Introduction: The highly selective ALK receptor tyrosine kinase (ALK) inhibitor alectinib is standard therapy for ALK-positive lung cancers; however, some tumors quickly develop resistance. Here, we investigated the mechanism associated with rapid acquisition of resistance using clinical samples. Methods: Autopsied samples were obtained from lung, liver, and renal tumors from a 51-year-old male patient with advanced ALK-positive lung cancer who had acquired resistance to alectinib in only 3 months. We established an alectinib-resistant cell line (ABC-14) from pleural effusion and an alectinib/crizotinib-resistant cell line (ABC-17) and patient-derived xenograft (PDX) model from liver tumors. Additionally, we performed next-generation sequencing, direct DNA sequencing, and quantitative real-time reverse transcription polymerase chain reaction. Results: ABC-14 cells harbored no ALK mutations and were sensitive to crizotinib while also exhibiting MNNG HOS transforming gene (MET) gene amplification and amphiregulin overexpression. Additionally, combined treatment with crizotinib/erlotinib inhibited cell growth. ABC-17 and PDX tumors harbored ALK G1202R, and PDX tumors metastasized to multiple organs in vivo, whereas the third-generation ALK-inhibitor, lorlatinib, diminished tumor growth in vitro and in vivo. Next-generation sequencing indicated high tumor mutation burden and heterogeneous tumor evolution. The autopsied lung tumors harbored ALK G1202R (c. 3604 G>A) and the right renal metastasis harbored ALK G1202R (c. 3604 G>C); the mutation thus comprised different codon changes. Conclusions: High tumor mutation burden and heterogeneous tumor evolution might be responsible for rapid acquisition of alectinib resistance. Timely lorlatinib administration or combined therapy with an ALK inhibitor and other receptor tyrosine-kinase inhibitors might constitute a potent strategy.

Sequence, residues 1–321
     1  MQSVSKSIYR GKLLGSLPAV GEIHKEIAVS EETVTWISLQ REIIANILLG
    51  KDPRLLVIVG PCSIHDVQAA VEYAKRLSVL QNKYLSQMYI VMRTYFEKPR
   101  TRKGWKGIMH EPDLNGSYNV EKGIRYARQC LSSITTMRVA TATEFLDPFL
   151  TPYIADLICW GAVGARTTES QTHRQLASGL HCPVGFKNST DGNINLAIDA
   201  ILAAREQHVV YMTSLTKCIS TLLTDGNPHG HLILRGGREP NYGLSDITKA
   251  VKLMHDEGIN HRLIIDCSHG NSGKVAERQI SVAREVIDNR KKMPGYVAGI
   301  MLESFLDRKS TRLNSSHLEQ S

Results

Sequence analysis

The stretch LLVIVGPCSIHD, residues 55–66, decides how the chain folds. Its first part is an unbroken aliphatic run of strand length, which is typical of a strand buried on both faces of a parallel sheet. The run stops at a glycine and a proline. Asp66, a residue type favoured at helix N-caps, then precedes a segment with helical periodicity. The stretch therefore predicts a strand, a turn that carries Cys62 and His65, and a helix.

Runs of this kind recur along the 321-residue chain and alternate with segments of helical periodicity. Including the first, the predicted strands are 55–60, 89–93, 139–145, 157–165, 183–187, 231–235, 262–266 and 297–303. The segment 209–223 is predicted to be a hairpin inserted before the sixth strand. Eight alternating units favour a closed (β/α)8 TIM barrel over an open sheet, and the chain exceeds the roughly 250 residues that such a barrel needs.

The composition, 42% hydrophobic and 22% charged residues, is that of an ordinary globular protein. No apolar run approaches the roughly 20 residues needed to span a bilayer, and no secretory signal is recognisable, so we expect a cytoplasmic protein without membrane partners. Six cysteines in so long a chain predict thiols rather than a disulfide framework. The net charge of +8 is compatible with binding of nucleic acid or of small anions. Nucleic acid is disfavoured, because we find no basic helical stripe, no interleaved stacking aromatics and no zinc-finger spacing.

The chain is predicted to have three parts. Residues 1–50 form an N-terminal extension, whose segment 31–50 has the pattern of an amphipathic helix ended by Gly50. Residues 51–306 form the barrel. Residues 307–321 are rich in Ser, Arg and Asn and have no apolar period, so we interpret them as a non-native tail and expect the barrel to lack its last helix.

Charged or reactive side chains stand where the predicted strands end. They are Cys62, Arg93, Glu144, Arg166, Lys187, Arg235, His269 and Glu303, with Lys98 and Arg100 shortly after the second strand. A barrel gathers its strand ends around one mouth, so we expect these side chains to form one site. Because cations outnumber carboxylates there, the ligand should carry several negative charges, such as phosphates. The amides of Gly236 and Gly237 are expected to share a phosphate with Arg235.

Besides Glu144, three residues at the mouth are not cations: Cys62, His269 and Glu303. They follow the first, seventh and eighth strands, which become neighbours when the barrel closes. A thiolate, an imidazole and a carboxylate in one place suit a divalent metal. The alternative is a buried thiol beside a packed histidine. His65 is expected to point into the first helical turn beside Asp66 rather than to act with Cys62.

- ALK G1202R
ASJC Scopus subject areas
- Pulmonary and Respiratory Medicine